explain the basis of the conclusion that this would be compatible
with Convention rights. If an evidential burden is intended, explain
why this is not made clear.
8. Section 119(1) of the Act (as amended) is intended
to impose a legal burden of proof. This form of words has been
used in post- Kebilene
legislation to impose a legal burden.Where Parliament intends
to create only an evidential burden the legislation makes this
clear; see Lord Hope's discussion of the Terrorism Act 2000 at
paragraph 92 and 93 of R v Lambert  3 WLR 206.
9. In concluding that the regulations are compatible
with Convention rights the Department has had regard to ECHR jurisprudence
which establishes the compatibility of reverse burdens of proof
with Convention rights (see, for example, Salabiaku v France
 13 EHRR 379).
10. In Lambert their Lordships "read
down" the legal burden of proof on the defendant to an evidential
burden to make it compatible with Convention rights; but this
was, strictly, obiter in view of their ruling that the Human Rights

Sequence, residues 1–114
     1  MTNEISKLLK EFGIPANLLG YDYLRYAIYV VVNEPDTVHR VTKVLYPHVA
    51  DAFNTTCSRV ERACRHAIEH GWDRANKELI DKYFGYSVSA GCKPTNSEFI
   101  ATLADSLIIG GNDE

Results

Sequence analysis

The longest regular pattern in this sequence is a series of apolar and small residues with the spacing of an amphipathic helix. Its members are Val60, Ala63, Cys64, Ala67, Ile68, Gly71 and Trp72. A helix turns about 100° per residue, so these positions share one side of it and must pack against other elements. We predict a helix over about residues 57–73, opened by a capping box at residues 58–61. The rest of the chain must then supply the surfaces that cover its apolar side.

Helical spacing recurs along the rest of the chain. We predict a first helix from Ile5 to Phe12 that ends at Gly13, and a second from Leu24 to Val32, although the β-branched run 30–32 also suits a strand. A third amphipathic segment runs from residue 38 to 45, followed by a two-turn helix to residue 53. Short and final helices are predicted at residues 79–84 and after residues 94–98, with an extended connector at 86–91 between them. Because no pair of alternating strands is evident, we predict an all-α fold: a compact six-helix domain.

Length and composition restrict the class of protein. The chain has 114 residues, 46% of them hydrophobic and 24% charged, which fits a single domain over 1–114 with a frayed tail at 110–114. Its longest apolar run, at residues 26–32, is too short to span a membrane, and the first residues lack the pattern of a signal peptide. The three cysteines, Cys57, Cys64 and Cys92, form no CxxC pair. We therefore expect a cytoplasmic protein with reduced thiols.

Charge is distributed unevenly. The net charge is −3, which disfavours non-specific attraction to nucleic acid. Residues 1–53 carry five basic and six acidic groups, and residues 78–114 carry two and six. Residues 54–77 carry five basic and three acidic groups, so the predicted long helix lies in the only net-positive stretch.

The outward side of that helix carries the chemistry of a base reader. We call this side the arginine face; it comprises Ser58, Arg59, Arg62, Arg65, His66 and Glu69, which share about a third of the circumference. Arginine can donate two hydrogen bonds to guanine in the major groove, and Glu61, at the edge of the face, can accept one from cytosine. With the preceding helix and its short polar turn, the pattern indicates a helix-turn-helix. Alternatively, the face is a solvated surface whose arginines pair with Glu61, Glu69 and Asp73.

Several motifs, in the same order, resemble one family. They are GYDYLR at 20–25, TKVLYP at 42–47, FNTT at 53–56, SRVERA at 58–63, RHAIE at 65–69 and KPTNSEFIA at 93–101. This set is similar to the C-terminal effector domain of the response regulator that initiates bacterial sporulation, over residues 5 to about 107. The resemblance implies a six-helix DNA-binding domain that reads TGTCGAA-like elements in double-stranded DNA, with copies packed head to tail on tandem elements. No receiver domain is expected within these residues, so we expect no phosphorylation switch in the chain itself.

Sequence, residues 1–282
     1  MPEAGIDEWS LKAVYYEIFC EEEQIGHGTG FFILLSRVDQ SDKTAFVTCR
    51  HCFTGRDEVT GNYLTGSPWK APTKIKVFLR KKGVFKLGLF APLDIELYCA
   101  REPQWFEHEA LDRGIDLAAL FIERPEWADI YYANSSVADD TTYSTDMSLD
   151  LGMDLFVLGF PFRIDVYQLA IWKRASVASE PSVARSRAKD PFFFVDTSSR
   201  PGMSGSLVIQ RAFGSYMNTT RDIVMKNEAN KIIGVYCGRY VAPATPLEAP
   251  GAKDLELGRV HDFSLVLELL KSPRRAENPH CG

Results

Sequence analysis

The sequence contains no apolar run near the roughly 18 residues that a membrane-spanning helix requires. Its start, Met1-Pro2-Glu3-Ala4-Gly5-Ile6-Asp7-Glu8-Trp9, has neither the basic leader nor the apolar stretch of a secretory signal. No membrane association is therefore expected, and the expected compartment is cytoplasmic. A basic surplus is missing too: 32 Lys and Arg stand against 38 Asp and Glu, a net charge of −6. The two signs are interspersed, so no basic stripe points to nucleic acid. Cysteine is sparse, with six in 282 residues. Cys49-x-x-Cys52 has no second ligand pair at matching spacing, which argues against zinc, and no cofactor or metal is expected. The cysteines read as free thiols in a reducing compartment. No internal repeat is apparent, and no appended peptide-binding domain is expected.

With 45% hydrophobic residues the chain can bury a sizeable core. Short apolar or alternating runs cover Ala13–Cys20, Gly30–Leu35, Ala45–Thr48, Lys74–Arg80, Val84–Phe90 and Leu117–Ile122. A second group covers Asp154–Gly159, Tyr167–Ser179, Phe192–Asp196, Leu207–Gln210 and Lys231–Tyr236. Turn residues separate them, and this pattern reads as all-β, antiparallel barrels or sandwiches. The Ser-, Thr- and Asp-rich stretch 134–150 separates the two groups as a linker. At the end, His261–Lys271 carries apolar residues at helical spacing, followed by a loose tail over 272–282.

Act 1998 should not apply retrospectively. More recent indications
are that the courts are willing to distinguish Lambert.
For example, in Lynch v DPP  EWHC Admin 882, 
2 All ER 854 it was ruled that placing a legal burden of proof
on the defendant was not unfair; and Lynch was refused leave to
appeal by the House of Lords Appeal Committee.
11. Although there have been no cases since the Human
Rights Act 1998 involving regulatory offences, a landmark decision
of the Canadian Supreme Court is helpful. In The Wholesale
Travel Group  3 SCR 154 the Supreme Court ruled that
it is not incompatible with Charter rights to impose a legal burden
on the defendant in regulatory spheres where a "due diligence"
style of defence is provided for because to reduce the onus on
the accused would create "insurmountable barriers for the
Crown" seeking to enforce a regulatory scheme; because, if
the regulatory authority had to anticipate and disprove such matters,
regulatory investigations would be more complex and necessarily
more intrusive; and because it is especially fair to impose a
legal burden on those who participate in regulated activities
because they have chosen to do so and have placed themselves in
a responsible position with regard to the public.
1 R v DPP ex parte Kebilene  3 WLR 972 (HL)(E) Back